Referential Integrity, PowerPivot Relationships, and the Unknown Member

This section discusses some advanced concepts related to missing values in PowerPivot tables that are connected by relationships. This section might be useful to you if you have workbooks with multiple tables and complex formulas and want help in understanding the results.

If you are new to relational data concepts, we recommend that you first read the introductory topic, Understanding Relationships.

Referential Integrity and PowerPivot Relationships

PowerPivot does not require that referential integrity be enforced between two tables in order to define a valid relationship. Instead, a blank row is created on the “one” end of each one-to-many relationship and is used to handle all non-matching rows from the related table. It effectively behaves as a SQL outer join.

In PivotTables, if you group data by the one side of the relationship, any unmatched data on the many side of the relationship is grouped together and will be included in totals with a blank row heading. The blank heading is roughly equivalent to the "unknown member."

Understanding the Unknown Member

The concept of the unknown member is probably familiar to you if you have worked with multidimensional database systems, such as SQL Server Analysis Services. If the term is new to you, the following example explains what the unknown member is and how it affects calculations.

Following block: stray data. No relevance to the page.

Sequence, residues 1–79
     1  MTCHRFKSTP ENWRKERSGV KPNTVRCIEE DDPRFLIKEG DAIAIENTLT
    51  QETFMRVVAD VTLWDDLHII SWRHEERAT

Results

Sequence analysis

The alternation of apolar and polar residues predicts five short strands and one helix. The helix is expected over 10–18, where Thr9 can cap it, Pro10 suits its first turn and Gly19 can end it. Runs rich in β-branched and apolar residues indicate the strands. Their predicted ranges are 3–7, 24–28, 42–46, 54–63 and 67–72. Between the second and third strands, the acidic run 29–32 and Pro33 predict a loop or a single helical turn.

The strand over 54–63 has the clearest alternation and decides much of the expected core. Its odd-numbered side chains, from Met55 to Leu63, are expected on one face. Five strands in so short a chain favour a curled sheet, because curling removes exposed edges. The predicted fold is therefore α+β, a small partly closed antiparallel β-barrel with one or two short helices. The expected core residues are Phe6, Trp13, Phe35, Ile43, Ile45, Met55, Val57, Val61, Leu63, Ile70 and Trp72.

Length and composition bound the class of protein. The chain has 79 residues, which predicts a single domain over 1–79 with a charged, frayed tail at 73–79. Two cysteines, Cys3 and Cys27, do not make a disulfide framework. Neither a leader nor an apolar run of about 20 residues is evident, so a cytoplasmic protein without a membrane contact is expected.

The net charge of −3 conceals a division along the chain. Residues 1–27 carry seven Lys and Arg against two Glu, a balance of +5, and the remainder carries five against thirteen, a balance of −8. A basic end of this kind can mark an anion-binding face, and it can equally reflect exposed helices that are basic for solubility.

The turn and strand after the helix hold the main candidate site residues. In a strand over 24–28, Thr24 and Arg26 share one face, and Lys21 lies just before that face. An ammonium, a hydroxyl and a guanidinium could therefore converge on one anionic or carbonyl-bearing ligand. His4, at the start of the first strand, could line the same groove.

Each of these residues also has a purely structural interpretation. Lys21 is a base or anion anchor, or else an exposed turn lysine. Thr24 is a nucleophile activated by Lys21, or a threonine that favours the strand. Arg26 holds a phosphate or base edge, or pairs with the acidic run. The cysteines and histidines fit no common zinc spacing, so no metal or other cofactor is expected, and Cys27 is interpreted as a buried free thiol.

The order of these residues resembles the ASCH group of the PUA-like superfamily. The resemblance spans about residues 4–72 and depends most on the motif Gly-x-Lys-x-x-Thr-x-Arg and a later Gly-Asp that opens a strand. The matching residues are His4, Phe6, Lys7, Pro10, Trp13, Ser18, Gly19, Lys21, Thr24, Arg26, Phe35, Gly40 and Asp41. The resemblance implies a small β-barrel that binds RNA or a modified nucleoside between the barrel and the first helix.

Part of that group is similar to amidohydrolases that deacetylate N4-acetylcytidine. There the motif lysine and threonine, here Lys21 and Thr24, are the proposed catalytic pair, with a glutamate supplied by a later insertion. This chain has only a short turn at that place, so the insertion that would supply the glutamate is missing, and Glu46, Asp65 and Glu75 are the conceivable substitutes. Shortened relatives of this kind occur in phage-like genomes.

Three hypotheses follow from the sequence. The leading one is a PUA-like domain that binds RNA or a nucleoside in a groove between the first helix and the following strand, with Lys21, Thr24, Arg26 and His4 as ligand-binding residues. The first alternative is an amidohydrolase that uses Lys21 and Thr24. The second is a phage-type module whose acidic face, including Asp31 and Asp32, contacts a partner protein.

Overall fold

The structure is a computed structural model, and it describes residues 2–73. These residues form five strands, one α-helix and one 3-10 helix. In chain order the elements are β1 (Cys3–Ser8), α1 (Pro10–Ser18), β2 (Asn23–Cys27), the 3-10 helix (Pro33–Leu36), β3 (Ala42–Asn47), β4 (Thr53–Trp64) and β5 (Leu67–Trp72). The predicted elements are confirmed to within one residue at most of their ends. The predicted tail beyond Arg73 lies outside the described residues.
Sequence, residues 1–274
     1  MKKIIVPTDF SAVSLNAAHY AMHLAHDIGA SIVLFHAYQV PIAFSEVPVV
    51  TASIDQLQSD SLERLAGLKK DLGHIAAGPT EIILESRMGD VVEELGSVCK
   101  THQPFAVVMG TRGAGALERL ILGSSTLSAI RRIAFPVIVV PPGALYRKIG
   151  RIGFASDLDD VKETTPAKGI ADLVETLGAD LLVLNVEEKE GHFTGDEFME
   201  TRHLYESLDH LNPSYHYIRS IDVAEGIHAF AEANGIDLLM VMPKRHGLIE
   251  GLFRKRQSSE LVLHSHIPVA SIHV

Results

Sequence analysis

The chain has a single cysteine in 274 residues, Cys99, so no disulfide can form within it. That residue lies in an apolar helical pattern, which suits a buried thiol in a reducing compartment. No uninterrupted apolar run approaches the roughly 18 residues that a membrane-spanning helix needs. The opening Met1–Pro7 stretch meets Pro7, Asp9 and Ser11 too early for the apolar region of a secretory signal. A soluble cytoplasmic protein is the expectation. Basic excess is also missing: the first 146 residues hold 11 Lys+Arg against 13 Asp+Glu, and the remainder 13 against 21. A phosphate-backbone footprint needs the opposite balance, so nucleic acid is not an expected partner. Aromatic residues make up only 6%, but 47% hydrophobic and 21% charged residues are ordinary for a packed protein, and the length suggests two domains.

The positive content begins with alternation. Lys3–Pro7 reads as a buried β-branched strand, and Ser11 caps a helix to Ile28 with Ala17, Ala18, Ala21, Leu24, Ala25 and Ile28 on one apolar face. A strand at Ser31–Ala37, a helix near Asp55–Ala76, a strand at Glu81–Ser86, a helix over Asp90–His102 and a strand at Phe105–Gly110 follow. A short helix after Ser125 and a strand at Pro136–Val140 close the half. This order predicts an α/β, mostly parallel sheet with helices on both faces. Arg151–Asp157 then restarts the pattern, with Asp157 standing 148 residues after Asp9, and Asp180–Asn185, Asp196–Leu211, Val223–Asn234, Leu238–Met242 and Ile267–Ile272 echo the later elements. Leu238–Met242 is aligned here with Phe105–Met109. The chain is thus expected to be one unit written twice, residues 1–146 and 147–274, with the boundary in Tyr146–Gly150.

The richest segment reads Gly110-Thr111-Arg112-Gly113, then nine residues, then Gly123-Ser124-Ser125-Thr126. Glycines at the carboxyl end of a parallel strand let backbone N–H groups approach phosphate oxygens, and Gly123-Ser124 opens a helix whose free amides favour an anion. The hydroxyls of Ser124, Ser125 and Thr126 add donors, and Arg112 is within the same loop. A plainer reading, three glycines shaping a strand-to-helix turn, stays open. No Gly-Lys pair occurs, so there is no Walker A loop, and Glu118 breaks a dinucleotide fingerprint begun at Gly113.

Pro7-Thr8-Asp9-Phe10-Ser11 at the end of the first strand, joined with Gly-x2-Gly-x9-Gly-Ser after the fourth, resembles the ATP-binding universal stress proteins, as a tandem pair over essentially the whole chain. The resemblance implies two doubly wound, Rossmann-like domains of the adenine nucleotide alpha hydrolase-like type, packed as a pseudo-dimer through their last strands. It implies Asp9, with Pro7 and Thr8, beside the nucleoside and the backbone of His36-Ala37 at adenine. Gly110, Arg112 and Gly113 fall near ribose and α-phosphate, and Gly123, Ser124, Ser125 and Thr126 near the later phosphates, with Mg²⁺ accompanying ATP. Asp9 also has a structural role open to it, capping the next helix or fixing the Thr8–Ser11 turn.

Suppose you are creating a calculation that sums monthly sales for each store, but a column in the Sales table is missing a value for the store name. Given that the tables for Store and Sales are connected by the store name, what would you expect to happen in the formula? How should the PivotTable group or display the sales figures that are not related to an existing store?

This problem is a common one in data warehouses, where large tables of fact data must be logically related to dimension tables that contain information about stores, regions, and other attributes that are used for categorizing and calculating facts. To resolve the problem, any new facts that are unrelated to an existing entity are temporarily assigned to the unknown member. That is why unrelated facts will appear grouped in a PivotTable under a blank heading.

Treatment of Blank Values vs. the Blank Row

Blank values are different from the blank rows that are added to accommodate the unknown member. The blank value is a special value that is used to represent nulls, empty strings, and other missing values. For more information about the blank value, as well as other DAX data types, see Data Types Supported in PowerPivot Workbooks.

See Also

Other Resources

Creating and Working with Calculations

Key Concepts in DAX

Context in DAX Formulas